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Genus: Cephalotes   Latreille, 1802 


Current Valid Name:

Taxonomic History (provided by Barry Bolton, 2022)

Extant: 118 valid species

Fossil: 18 valid species

Cephalotes Latreille, 1802b: 357. Type-species: Formica atrata, by monotypy. AntCat AntWiki

Taxonomic history

[Type-species not Formica cephalotes, unjustified subsequent designation by Wheeler, 1911g PDF: 160; corrected by Wheeler, 1913a PDF: 78.]
Cephalotes in Myrmicinae, Cryptocerini: Emery, 1914e PDF: 42; Forel, 1917 PDF: 246; Wheeler, 1922: 665; Emery, 1924f PDF: 303; all subsequent authors to 1949, and Dlussky & Fedoseeva, 1988: 79 (anachronism).
Cephalotes in Myrmicinae, Cephalotini: Smith, 1949c PDF: 19; Kempf, 1951 PDF: 105; all subsequent authors except the above.
Cephalotes as junior synonym of Cryptocerus: Fabricius, 1804 PDF: 419.
Genus Cephalotes references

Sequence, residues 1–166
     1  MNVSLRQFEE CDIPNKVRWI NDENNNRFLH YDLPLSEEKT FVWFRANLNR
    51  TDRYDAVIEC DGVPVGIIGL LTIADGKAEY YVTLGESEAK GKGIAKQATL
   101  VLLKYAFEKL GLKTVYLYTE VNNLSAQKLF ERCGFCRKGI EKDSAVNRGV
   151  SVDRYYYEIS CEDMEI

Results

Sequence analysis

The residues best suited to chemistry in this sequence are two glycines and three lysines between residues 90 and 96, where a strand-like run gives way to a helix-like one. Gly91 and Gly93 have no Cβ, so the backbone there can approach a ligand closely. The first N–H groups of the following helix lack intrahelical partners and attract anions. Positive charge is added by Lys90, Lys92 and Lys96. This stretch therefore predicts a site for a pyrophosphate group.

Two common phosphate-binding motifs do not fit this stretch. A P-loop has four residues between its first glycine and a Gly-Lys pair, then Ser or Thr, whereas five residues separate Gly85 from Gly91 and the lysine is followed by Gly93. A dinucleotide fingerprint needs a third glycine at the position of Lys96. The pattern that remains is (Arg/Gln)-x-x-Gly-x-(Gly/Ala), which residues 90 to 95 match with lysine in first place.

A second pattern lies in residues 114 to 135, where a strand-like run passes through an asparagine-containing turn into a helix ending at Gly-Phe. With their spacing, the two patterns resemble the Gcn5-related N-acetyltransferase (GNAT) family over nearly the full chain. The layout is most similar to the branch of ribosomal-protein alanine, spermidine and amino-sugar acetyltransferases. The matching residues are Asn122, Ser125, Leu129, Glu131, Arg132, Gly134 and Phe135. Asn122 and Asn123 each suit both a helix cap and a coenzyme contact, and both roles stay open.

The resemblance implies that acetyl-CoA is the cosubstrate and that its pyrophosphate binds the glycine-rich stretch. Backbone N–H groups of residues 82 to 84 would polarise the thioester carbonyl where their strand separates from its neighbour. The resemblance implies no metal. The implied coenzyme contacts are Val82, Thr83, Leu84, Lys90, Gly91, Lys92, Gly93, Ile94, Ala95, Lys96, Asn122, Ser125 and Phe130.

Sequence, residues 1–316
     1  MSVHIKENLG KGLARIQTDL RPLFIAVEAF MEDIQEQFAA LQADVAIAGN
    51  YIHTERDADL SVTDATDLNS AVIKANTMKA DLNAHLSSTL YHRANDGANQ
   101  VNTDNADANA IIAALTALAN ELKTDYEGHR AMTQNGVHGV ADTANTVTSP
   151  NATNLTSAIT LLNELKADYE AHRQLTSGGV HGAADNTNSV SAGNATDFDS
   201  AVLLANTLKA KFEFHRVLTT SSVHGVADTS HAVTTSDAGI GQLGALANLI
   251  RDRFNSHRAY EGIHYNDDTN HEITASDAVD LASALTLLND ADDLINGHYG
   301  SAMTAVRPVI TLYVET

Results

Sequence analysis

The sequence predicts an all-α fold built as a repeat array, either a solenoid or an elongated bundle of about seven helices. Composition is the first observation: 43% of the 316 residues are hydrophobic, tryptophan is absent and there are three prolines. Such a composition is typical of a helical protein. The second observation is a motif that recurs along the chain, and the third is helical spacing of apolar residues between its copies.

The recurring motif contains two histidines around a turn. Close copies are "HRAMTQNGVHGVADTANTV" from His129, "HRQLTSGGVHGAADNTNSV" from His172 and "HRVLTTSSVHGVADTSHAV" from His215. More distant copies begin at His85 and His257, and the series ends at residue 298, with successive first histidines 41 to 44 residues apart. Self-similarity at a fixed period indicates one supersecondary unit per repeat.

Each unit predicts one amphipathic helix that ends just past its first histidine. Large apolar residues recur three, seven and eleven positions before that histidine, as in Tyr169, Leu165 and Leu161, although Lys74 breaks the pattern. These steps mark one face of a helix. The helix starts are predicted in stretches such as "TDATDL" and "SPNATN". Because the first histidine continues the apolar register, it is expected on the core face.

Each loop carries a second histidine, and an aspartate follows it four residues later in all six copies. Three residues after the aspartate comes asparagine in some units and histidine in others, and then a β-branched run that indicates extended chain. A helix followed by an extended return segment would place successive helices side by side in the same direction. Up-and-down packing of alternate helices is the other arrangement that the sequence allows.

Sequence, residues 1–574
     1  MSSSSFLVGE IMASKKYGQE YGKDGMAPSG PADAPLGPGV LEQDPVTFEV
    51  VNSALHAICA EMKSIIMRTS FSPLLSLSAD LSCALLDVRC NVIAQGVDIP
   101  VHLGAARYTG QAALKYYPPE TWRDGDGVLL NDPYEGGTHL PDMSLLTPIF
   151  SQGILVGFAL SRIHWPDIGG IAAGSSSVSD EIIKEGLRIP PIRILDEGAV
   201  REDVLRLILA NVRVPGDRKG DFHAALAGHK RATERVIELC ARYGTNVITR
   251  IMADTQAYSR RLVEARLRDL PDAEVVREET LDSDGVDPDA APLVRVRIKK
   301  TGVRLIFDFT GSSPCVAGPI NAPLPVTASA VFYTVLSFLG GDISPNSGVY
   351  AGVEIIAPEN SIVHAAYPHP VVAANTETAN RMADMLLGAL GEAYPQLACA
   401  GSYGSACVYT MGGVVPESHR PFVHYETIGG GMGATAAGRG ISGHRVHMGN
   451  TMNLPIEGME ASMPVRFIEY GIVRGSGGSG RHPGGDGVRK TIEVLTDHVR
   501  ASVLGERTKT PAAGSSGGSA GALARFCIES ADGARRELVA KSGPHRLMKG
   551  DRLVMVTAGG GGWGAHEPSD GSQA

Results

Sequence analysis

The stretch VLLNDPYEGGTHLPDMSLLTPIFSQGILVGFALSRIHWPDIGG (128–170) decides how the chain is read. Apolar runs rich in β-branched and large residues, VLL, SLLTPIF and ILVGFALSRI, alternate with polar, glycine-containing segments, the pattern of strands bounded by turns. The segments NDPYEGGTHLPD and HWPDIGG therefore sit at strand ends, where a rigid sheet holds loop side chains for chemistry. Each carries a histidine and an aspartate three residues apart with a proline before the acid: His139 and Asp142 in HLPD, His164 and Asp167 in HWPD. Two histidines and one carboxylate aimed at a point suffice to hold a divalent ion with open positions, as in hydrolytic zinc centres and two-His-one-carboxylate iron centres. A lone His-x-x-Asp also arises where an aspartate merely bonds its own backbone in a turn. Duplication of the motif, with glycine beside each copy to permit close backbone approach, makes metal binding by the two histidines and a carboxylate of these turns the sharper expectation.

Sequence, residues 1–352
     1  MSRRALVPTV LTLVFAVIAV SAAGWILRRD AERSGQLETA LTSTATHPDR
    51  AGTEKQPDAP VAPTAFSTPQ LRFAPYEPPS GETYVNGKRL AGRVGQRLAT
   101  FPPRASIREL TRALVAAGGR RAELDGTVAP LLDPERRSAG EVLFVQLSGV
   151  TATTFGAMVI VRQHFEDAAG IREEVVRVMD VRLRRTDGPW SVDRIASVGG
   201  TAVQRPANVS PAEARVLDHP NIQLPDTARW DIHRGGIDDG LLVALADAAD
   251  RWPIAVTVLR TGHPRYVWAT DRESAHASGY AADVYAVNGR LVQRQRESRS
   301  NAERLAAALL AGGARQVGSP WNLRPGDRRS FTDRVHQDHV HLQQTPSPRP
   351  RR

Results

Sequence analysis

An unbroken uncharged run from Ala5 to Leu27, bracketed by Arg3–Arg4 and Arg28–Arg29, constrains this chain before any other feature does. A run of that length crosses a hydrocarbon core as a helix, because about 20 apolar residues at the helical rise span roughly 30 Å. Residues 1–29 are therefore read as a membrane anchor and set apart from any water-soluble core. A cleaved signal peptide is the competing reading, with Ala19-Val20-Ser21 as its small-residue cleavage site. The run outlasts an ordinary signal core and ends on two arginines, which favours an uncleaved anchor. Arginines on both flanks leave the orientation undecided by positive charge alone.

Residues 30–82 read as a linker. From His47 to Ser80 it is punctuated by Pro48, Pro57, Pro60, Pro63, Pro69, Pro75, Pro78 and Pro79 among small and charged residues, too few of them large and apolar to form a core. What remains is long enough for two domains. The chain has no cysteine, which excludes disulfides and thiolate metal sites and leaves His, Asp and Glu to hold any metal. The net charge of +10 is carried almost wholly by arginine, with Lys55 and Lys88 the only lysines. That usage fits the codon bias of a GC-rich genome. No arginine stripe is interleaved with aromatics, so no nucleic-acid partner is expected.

Smith, 1853 PDF: 215 (diagnosis); Smith, 1858a PDF: 187 (diagnosis); Roger, 1863b PDF: 38 (catalogue); Mayr, 1863a PDF: 405 (catalogue); Mayr, 1865 PDF: 25 (diagnosis); Dalla Torre, 1893 PDF: 140 (catalogue); Santschi, 1920f PDF: 149 (species key); Wheeler, 1922: 665 (Cryptocerus subgenera, key); Emery, 1924f PDF: 303 (diagnosis, catalogue); Emery, 1924f PDF: 304 (Zacryptocerus diagnosis, catalogue); Emery, 1924f PDF: 305 (Cryptocerus diagnosis, subgenera key, catalogue); Emery, 1924f PDF: 306 (Cephalotes (Paracryptocerus) diagnosis, catalogue); Emery, 1924f PDF: 308 (Cephalotes (Cryptocerus) diagnosis, catalogue); Emery, 1924f PDF: 311 (Cephalotes (Cyathocephalus) diagnosis, catalogue); Smith, 1947a PDF: 29 (U.S.A. species key); Creighton, 1950a PDF: 296 (North America species key); Kempf, 1951 PDF: 107 (diagnosis, revision, key); Kempf, 1951 PDF: 127 (Eucryptocerus species revision, key); Kempf, 1951 PDF: 134 (Zacryptocerus species revision, key); Kempf, 1951 PDF: 143 (Hypocryptocerus species revision, key); Kempf, 1951 PDF: 153 (Paracryptocerus species revision, key); Kempf, 1952 PDF: 5 (Paracryptocerus pinellii complex revision, key); Kempf, 1958a: 10 (Argentina Paracryptocerus species key); Kempf, 1958a: 64 (Paracryptocerus subgenera, key); Kempf, 1958a: 66 (Paracryptocerus (Harnedia) species revision, key); Kempf, 1958a: 145 (Paracryptocerus (Cyathomyrmex) species revision, key); Kempf, 1960f PDF: 443 (addition to 1958 key); Snelling, 1968a PDF: 9 (Cephalotes wheeleri complex, key); Kempf, 1972b PDF: 75, 107, 120, 175, 259 (Neotropical Cephalotes, Eucryptocerus, Hypocryptocerus, Paracryptocerus, Zacryptocerus catalogues); Kempf, 1974a PDF: 73 (Paracryptocerus pinelii group, key); Smith, 1979: 1402 (North America catalogue); Hölldobler & Wilson, 1990: 13 (synoptic classification); Brandão, 1991 PDF: 337, 343, 383 (catalogue); Bolton, 1994: 105 (synoptic classification); Bolton, 1995a PDF: 1048 (census); Bolton, 1995b: 140, 189, 424 (catalogue); De Andrade & Baroni Urbani, 1999 PDF: 736 (diagnosis, all species revision, key); Price et al., 2014 PDF: 244 (phylogeny); Cantone, 2017 PDF: 194 (brief male diagnosis); Fernández & Serna, 2019 PDF: 845 (Colombia fauna); Sandoval-Gómez & Sánchez-Restrepo, 2019 PDF: 901 (Colombia species key); Oliveira et al., 2021 10.1590/1806-9665-RBENT-2021-0028 PDF: 1 (Brazilian species revision), 3 (genus diagnosis), 5 (taxonomic synopsis, key to Brazilian species (workers)), 7 (key to Brazilian species (soldiers)), 8 (Brazilian Cephalotes angustus species group diagnosis, species list, key to workers), 9 (Brazilian Cephalotes angustus species group key (soldiers)), 18 (Brazilian Cephalotes atratus species group diagnosis), 19 (Brazilian Cephalotes atratus species group species list, key to workers and soldiers), 21 (Brazilian Cephalotes basalis species group diagnosis, species list, key to workers), 22 (Brazilian Cephalotes basalis species group key (soldiers)), 23 (Brazilian Cephalotes clypeatus species group diagnosis, species list, key to workers and soldiers), 24 (Brazilian Cephalotes coffeae species group diagnosis), 24 (Brazilian Cephalotes depressus species group diagnosis, species list, key to workers and soldiers), 27 (Brazilian Cephalotes fiebrigi species group diagnosis, species list, key to workers), 28 (Brazilian Cephalotes fiebrigi species group key (soldiers)), 31 (Brazilian Cephalotes grandinosus species group diagnosis, species list, key to workers), 32 (Brazilian Cephalotes grandinosus species group key (soldiers)), 33 (Brazilian Cephalotes manni species group diagnosis, species list), 33 (Brazilian Cephalotes pallens species group diagnosis), 34 (Brazilian Cephalotes pallens species group species list, key to workers), 35 (Brazilian Cephalotes pallens species group key (soldiers)), 36 (Brazilian Cephalotes pinelii species group diagnosis, species list, key to workers), 37 (Brazilian Cephalotes pinelii species group key (soldiers)), 42 (Brazilian Cephalotes pusillus species group diagnosis, species list, key to workers), 43 (Brazilian Cephalotes pusillus species group key (soldiers)), 45 (Brazilian Cephalotes solidus species group diagnosis, species list), 45 (Brazilian Cephalotes umbraculatus group species list); Price et al., 2022 10.1093/isd/ixab023 PDF: 1 (phylogeny, divergence dating, biogeography).